We’re an equal opportunities employer and we encourage applications from all sections of the community. We offer an excellent range of staff benefits including flexible working, 27 days holiday to start with, defined contribution pension scheme and a staff discount scheme.
Our structured training programmes help staff develop their skills, learn from each other and increase their confidence so they can be successful in their roles. We support and train staff through seminars, workshops and coaching sessions.
Joining the CRC can be a challenging but extremely rewarding career. If you’re interested in helping people move away from crime and improve their lives, while making communities safer, then a career in probation might be for you. There are a number of different roles within the CRC, which include:
Probation Officer (Responsible Officer, Band 4)
This role involves supervising people who’ve received a court order or licence after leaving prison – and ensuring they keep to the terms of the order or licence. Probation officers also provide support to offenders through a variety of rehabilitation activities.
Entry requirements: You'll need a level 5 qualification such as a foundation degree, degree or higher apprenticeship experience of working with people who have challenging behaviour (either through voluntary work or paid employment). Or, you could start out as a Probation Services Officer (see below) and do the in-house vocational level 4 Diploma in Probation Practice (or equivalent).
Probation Services Officer (Responsible Officer, Band 3)
These officers have a range of responsibilities including supervising individuals who’ve received a court order or licence after leaving prison, as well as running group programmes aimed at changing offender behaviour.
Entry requirements: You’ll need experience of working with people with challenging behaviour. You can get this through voluntary work or paid employment. Although it's not essential, a lot of people who apply for this role have a level 3 vocational qualification like the Public Services Diploma or an NVQ in Community Justice, or A levels.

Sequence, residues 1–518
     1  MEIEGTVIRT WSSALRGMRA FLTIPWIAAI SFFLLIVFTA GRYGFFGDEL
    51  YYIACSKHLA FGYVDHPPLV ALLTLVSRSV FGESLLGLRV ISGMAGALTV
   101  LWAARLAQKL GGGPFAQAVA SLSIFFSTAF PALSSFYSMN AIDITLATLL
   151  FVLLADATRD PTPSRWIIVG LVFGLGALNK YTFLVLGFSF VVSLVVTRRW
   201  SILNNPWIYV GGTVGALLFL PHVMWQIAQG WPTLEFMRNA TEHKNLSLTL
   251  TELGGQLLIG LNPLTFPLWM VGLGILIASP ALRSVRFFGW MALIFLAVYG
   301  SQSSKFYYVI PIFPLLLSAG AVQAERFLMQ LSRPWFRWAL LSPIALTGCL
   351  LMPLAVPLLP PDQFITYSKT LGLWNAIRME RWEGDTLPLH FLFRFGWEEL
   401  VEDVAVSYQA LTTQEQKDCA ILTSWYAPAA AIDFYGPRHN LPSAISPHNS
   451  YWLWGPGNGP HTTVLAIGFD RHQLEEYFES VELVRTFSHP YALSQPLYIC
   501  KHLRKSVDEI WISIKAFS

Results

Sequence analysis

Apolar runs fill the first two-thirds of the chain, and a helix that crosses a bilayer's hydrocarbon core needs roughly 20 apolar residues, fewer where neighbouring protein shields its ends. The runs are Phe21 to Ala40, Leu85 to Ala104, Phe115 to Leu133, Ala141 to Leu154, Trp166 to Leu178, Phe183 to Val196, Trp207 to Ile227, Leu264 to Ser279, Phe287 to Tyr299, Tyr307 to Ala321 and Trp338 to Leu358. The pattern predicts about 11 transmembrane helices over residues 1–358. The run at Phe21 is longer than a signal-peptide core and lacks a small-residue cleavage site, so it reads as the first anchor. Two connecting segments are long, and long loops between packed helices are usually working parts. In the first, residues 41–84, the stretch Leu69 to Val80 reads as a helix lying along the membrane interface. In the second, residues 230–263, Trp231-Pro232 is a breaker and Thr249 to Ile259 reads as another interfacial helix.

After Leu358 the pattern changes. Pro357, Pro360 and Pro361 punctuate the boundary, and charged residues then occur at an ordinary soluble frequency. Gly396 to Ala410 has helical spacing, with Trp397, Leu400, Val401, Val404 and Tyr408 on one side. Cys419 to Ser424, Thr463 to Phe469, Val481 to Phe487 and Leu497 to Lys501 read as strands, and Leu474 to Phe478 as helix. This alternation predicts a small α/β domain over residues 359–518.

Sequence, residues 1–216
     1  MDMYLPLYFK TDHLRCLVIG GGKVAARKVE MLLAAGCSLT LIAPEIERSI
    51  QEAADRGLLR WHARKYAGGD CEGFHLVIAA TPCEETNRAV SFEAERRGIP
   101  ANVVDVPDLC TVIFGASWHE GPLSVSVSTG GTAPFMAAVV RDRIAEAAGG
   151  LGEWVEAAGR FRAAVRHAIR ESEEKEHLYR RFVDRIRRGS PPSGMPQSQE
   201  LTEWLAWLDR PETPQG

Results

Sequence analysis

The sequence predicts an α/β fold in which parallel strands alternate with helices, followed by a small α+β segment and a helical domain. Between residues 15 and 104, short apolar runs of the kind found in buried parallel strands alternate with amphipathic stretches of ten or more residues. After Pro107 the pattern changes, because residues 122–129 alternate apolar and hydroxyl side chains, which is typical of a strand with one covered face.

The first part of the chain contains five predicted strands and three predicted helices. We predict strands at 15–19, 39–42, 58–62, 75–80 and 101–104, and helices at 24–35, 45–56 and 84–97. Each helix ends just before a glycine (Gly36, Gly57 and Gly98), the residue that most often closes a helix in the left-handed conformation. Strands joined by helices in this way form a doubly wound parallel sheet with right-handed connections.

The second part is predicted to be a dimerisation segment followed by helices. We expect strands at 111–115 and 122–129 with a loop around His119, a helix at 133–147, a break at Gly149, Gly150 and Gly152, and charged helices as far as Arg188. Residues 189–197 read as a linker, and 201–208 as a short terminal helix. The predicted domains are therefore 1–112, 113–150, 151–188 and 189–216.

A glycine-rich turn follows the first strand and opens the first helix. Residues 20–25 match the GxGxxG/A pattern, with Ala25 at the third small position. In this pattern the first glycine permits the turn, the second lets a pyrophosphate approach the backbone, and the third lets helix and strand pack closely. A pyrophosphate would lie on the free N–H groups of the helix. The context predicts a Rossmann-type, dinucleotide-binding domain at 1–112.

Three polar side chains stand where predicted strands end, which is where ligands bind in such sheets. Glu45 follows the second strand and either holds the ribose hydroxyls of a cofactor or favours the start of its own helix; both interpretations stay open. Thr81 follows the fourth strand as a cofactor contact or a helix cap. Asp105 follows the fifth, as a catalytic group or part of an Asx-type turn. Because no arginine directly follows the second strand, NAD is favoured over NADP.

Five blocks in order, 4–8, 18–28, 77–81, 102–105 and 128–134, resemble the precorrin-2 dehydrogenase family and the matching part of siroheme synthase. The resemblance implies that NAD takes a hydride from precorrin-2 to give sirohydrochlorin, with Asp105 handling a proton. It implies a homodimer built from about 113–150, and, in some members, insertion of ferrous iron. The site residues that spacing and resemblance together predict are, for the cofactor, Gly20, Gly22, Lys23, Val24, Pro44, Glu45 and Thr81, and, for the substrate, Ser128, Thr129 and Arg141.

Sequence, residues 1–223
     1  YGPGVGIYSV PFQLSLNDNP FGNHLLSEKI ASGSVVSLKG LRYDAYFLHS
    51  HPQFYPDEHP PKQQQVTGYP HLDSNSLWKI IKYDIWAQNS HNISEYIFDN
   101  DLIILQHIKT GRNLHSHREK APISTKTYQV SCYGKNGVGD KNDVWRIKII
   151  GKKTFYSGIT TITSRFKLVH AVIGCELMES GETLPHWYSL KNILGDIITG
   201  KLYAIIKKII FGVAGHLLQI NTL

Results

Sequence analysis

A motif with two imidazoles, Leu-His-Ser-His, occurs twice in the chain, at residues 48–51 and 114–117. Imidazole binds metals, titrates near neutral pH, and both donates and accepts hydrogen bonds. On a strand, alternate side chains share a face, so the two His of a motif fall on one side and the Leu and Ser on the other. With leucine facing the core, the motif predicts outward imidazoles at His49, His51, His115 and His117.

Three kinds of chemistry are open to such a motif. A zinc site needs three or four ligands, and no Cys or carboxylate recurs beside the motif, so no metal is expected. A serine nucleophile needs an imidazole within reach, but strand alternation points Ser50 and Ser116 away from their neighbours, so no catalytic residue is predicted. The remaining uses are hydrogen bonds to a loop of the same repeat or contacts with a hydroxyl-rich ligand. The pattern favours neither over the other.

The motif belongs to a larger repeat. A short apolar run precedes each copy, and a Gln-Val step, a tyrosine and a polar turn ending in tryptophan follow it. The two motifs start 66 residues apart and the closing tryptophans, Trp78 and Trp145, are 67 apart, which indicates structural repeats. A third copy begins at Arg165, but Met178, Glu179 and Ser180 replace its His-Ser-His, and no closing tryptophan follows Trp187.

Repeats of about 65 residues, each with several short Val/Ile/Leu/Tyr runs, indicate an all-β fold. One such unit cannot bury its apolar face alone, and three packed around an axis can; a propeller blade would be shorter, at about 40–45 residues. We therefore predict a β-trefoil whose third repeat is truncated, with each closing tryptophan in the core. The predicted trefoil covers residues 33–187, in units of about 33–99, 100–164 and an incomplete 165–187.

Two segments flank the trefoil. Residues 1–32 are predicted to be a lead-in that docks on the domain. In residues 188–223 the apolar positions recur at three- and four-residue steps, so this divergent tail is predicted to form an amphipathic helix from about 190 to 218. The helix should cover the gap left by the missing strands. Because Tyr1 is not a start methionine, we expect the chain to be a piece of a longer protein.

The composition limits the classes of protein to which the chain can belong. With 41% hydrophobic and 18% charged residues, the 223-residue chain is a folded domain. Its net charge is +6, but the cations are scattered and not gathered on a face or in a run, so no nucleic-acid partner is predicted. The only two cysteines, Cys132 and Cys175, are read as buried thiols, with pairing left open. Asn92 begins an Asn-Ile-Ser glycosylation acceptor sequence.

You'll be trained to develop a range of programmes that are delivered on a group or one-to-one basis.
Entry requirements: You’ll need experience of working with people with challenging behaviour. You can get this through voluntary work or paid employment. Although it's not essential, a lot of people who apply for this role have a level 3 vocational qualification such as the Public Services Diploma or an NVQ in Community Justice, or A levels.
Administrative and team support staff
The administrative and support worker carries out a range of duties that support a team or manager by creating reports and other paperwork, inputting and extracting data from a computerised system and arranging meetings.
Community Payback Supervisor
These supervisors play an important role in Community Payback (unpaid work) projects by making sure service users turn up for work and carry out a high standard of work. They also help service users develop practical skills and knowledge.
Our operational partners recruit volunteers to act as role models for service users, helping them to gain confidence and achieve their goals. As a volunteer, you could make a significant difference to someone’s life and help them to stop committing crime in the future. You wouldn’t be expected to do tasks where professional training is required, and you’d only work with service users who’ve been fully risk assessed and considered suitable to work with you.
The role might involve helping people with practical tasks such as registering with a GP, applying for jobs, cooking healthy meals, encouraging sports and activities or looking for training opportunities.
No formal qualifications are needed to become a volunteer, although there are some skills you’ll need such as a positive attitude, having a belief that people can change, understanding confidentiality and being able to work as part of a team.
To find out about volunteering opportunities please email us